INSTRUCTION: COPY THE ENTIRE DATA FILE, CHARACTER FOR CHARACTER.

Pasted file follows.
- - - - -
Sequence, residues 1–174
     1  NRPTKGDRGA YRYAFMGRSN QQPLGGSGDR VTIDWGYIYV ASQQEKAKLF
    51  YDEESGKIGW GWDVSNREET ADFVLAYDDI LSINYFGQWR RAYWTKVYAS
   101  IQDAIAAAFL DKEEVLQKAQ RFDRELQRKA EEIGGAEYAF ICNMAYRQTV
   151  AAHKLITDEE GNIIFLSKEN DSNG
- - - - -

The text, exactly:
Sequence, residues 1–174
     1  NRPTKGDRGA YRYAFMGRSN QQPLGGSGDR VTIDWGYIYV ASQQEKAKLF
    51  YDEESGKIGW GWDVSNREET ADFVLAYDDI LSINYFGQWR RAYWTKVYAS
   101  IQDAIAAAFL DKEEVLQKAQ RFDRELQRKA EEIGGAEYAF ICNMAYRQTV
   151  AAHKLITDEE GNIIFLSKEN DSNG